In this exclusive interview, we will delve into the depths of Mr. Scrooge’s surliness and see if there isn’t at least one thing, be it ever so insignificant, that brings a smile to his face.
There really is nothing that Mr. Scrooge loves about Christmas. We did, however, see what would almost be described as a smile when he talked about the bells. Perhaps they conjure up a happier time, a time when his life was not consumed by work or his utterly solitary nature. Try as we might, he would not elaborate further. Perhaps next year.
For some background, the “newest” take on Scrooge this season is actor Chris Bloch, a professional based in Washington, D.C. He joins the cast of Lyric Theatre’s A Christmas Carol for its third year of the production, where Bloch will, for the first time, fill the shoes of the lead character, Ebenezer Scrooge. You can see him at Lyric at The Plaza through Dec. 28.
In the meantime, we’ve all heard his signature phrase, “Bah humbug!” But what does it mean? Where did it come from? The man with the pinched face and permanent scowl, the word “no” perpetually waiting on his lips — what made him the man we see? What was he like as a child?
This is the man who becomes obviously upset when anything having to do with Christmas comes up. Broach the topic and he purses his lips with obvious irritation and remains quiet or fills the space with his signature catchphrase.
What people really want to know is, Why? Oklahoma Gazette contacted Bloch, er, Mr. Scrooge at his shop one afternoon by telephone.
OKG: Hello, Mr. Scrooge? Mr. Ebenezer Scrooge?
Scrooge: What do you want?
OKG: Do you have a few words for the Gazette about Christmas? If you could spare just a few moments, I’d like to talk to you about the holiday season. You’ve become quite wellknown for your feelings, or lack thereof, about it.
Scrooge: I don’t. I am very busy.
OKG: I see. Just a few moments?
Scrooge: No. You’re better off talking to my underling. Unfortunately, he’s too busy to talk about such frivolous things.
This was going to be a very short interview indeed.
OKG: Mr. Scrooge, do you have any happy memories of Christmas?
Scrooge: I do, but they’re buried pretty darn deeply. They are long gone.
OKG: What were Christmases like for you at home as a child?
Scrooge: Well, there were very few Christmases at home since I spent time in a boarding school. I was finally rescued by my sister, who was sent there by my dear papa, but they were mostly ... I was left all alone.
OKG: I know I’m not the first person to bring this up, but you’re somewhat of a curmudgeon. I don’t think this will come as a surprise to you. In particular, you have a phrase that you have kind of become known for this time of year: “Bah humbug.” What does it mean? Where did it come from? Scrooge: Well, “bah” is a pretty common term for not putting any stock in anything, and “humbug,” I think is something that is very much associated with my attitude toward Christmas, and that is its being a bunch of tripe and not worth a thing.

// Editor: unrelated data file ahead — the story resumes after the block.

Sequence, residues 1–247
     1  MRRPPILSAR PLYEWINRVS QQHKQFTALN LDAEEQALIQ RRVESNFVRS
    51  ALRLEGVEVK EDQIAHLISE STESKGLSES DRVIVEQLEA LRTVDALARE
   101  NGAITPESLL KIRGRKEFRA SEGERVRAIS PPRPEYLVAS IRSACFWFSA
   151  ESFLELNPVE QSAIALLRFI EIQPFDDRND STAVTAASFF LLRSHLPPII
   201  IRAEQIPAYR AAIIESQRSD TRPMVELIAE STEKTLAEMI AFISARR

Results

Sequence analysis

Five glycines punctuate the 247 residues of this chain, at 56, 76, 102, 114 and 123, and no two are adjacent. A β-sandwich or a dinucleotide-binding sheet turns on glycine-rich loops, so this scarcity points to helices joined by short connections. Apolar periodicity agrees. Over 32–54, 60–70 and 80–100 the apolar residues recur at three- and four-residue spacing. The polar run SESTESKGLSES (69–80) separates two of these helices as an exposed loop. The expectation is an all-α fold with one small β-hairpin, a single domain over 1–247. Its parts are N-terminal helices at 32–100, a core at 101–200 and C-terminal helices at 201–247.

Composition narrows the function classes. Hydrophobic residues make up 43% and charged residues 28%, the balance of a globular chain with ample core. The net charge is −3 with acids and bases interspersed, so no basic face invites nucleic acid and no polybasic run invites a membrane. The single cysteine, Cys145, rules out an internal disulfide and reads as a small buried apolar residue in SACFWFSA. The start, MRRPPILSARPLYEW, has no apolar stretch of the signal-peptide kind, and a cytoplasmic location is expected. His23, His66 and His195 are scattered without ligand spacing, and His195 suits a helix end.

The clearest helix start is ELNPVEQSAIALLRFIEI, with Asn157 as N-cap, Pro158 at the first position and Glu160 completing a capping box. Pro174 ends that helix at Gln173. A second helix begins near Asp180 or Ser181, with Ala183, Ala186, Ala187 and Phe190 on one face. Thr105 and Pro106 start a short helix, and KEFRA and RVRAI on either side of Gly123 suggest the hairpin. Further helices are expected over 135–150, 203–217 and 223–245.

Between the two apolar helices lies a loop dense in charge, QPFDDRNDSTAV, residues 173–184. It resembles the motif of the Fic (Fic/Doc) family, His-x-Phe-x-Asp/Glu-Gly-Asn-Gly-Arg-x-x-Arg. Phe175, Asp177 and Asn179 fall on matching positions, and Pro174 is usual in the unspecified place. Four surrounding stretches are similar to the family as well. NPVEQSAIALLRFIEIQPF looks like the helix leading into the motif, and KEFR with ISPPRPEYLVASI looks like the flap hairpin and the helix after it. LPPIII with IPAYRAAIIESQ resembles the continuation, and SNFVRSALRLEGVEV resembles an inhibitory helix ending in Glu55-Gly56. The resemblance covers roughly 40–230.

It’s very much become my catchphrase.
OKG: Is there anything, anything at all, that you do like about the holiday? Anything that you used to enjoy that remains?
Scrooge: I do have a chance to be a little bit more on my own. Unfortunately, there are a few more people coming in the office. I do enjoy solitude very much. I give my one employee the day off. With pay, no less! I don’t have to put up with him underfoot. He’s always so cheerful and talkative, it makes me quite irritated.
OKG: How do you feel about the materialism associated with Christmas?
Scrooge: It’s all part of a worthless celebration. This celebration is all quite ridiculous with the togetherness and the time off work. There’s also the matter of spending money. If all of those who couldn’t afford it would stop spending their money on things that they didn’t need and on this worthless holiday, they would be all so much better off! But I do make quite a bit of money this time of year, since the poor always seem to be the ones most likely to part with their money for foolish reasons. I always benefit from that in my line of work.
OKG: Is it the way that it is becoming increasingly more secular? Is that part of the problem for you? Scrooge: I don’t care for the holiday whether it’s religious or not. It’s the celebration — whether it’s people enjoying each other or what they get up to, it really has nothing to do with me.
I do love the bells, though.
OKG: Can you elaborate on that?
Scrooge: Well, it’s nothing, really. It’s just that I have always loved the sound of the bells. A foolish notion, but an indulgence that doesn’t cost me a penny or rely on me having to spend any time with anyone. I do also enjoy walking around the town this time of year, especially on Christmas — people tend to spend more time indoors with their families. It allows me to move about unmolested, especially by those looking for handouts. I came by all of my money quite honestly. My late partner, Jacob Marley, and I made quite a bit of money when it was all said and done.
OKG: Tell me about Jacob Marley.
Scrooge: Well, there’s really not much to tell. We were acquaintances who had the same priorities. It was a convenient and ultimately lucrative relationship. He passed away. Christmas Eve, it was, almost ten years ago. I don’t like to dwell on the past. What’s past is past, I always say.
OKG: Would this be why you claim to have no memories of your childhood Christmas celebrations?
Scrooge: I would think so, yes. That and I just don’t have the time. I don’t dwell on things like that. There’s too much work to be done.
OKG: Making money?
Scrooge: Yes, of course. Now, I really must get back to my work. You’ve taken up quite enough of my time. Good day to you, and please show yourself out.
And with that, we’re through.